Before humans started selectively breeding fruits and vegetables, these wild plants looked very different (and not very delicious).
The wild carrot, cultivated by humans around the 10th century, was usually purple or white, very thin and had a distinct flavor.
Nothing like our crunchy orange friend we see today, the wild carrot looks more like a root. Or a tree branch. Not delicious.
Wild corn was domesticated around 7000BC and is now 1000 times bigger thanks to European farmers making the plant larger and easier to peel.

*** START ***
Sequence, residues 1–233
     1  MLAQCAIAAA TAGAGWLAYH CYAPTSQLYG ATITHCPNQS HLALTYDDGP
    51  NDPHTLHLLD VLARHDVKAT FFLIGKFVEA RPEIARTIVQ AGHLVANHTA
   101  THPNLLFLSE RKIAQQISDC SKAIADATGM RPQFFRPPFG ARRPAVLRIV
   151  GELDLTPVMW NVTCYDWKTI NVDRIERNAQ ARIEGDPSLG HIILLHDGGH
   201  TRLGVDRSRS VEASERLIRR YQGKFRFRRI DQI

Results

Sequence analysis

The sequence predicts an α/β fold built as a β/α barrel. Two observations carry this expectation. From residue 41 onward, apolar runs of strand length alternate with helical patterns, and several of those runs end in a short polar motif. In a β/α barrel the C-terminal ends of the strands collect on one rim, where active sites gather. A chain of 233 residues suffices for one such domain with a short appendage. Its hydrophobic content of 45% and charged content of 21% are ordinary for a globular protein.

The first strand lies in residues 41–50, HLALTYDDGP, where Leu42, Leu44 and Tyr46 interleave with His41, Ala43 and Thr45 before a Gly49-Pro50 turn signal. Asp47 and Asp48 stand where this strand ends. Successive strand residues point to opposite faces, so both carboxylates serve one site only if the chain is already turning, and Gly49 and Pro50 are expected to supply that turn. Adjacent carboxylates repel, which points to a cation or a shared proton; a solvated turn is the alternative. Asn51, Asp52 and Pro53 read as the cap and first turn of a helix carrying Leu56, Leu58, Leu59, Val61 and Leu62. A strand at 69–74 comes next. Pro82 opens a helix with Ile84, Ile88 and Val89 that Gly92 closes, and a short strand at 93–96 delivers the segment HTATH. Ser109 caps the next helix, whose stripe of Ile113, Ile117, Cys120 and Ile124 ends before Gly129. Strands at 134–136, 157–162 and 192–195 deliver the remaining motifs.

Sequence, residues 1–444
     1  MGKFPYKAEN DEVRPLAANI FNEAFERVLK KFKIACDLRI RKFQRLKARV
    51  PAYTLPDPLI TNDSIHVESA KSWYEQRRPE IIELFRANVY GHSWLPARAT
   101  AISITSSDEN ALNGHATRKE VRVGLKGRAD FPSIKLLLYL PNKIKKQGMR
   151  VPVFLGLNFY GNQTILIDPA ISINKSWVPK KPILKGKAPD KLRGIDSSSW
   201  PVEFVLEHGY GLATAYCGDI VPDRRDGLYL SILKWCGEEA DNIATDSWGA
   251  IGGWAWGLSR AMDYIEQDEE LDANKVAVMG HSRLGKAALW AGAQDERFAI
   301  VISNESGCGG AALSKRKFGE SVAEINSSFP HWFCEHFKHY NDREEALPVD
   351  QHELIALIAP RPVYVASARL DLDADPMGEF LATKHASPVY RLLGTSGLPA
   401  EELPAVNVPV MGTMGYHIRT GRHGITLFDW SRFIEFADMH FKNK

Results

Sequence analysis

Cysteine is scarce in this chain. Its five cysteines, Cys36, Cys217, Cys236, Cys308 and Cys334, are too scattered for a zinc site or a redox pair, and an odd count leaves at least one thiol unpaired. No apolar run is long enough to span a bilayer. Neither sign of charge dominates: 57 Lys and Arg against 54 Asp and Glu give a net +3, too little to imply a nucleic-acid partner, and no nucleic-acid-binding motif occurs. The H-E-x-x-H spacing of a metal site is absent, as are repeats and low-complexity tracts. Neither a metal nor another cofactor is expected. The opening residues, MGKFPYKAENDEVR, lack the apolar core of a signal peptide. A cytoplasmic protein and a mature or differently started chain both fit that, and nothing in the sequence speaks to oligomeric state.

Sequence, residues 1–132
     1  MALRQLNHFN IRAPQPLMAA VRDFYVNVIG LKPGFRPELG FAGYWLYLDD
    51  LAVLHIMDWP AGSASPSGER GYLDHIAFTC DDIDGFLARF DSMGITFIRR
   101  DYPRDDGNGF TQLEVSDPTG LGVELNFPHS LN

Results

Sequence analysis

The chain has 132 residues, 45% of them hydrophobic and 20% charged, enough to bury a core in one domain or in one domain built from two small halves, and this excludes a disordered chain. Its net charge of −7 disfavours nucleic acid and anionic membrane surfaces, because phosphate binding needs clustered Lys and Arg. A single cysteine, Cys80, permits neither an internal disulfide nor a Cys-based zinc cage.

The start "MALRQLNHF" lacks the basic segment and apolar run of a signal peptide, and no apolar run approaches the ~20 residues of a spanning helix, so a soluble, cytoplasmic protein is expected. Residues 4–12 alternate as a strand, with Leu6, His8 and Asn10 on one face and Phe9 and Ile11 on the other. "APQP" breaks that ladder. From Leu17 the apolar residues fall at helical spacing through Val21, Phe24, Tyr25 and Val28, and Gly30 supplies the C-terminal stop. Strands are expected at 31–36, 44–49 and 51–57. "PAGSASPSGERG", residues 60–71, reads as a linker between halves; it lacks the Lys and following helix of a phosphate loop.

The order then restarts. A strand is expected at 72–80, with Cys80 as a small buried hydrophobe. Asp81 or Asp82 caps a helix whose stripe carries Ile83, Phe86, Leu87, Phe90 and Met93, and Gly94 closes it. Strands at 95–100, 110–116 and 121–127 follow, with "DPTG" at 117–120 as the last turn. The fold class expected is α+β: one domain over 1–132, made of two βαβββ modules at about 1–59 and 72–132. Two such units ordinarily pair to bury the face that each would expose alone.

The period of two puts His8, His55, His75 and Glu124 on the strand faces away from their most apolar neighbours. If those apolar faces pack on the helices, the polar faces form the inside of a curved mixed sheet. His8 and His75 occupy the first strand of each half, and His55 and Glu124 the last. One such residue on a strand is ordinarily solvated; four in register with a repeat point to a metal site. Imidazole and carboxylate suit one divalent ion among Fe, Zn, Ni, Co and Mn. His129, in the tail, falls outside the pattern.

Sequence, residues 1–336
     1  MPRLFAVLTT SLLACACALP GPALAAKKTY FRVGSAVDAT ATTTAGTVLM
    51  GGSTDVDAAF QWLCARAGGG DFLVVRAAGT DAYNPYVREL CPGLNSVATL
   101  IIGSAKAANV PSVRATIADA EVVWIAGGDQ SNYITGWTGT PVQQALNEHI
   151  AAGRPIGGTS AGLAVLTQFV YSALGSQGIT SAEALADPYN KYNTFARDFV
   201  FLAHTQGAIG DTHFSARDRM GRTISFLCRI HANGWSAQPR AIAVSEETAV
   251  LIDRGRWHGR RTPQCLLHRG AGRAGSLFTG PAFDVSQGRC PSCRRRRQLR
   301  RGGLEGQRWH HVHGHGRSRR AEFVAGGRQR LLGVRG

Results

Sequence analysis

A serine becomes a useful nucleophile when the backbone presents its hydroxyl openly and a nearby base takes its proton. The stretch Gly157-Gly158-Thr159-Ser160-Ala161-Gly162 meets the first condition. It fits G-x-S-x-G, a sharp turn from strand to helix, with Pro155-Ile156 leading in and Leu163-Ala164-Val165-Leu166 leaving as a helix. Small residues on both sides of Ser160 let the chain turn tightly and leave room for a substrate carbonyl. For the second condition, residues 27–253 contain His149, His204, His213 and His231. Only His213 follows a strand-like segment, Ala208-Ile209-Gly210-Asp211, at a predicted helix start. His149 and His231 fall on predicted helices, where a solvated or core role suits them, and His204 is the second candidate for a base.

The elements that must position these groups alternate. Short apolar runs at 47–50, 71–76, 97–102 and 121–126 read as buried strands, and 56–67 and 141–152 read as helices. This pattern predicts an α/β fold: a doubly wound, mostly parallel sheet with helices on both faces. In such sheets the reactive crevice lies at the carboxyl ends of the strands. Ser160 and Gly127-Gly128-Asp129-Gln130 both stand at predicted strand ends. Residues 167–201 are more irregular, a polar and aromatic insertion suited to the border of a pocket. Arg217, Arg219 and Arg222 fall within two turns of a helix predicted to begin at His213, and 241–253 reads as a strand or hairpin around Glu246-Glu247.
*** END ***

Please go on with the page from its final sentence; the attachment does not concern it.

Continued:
This is a wild eggplant, it has a tough spine for a root and the round, rather than oblong, plant came in all kinds of shades from blue to yellow.
The modern eggplant also has a flower instead of a spine, so it’s prettier in every way.
Wild watermelon has been seen in paintings with a distinctive swirled seed pattern, although now watermelons are almost entirely seedless.
And this is the banana of 7000 years ago. Thought to originate from Papua New Guinea, the wild banana had large seeds and a tough fleshy interior.
Kind of gross. The modern banana is actually a hybrid of two distinct banana species, musa acuminata and musa balbisana. So don’t say we never teach you anything.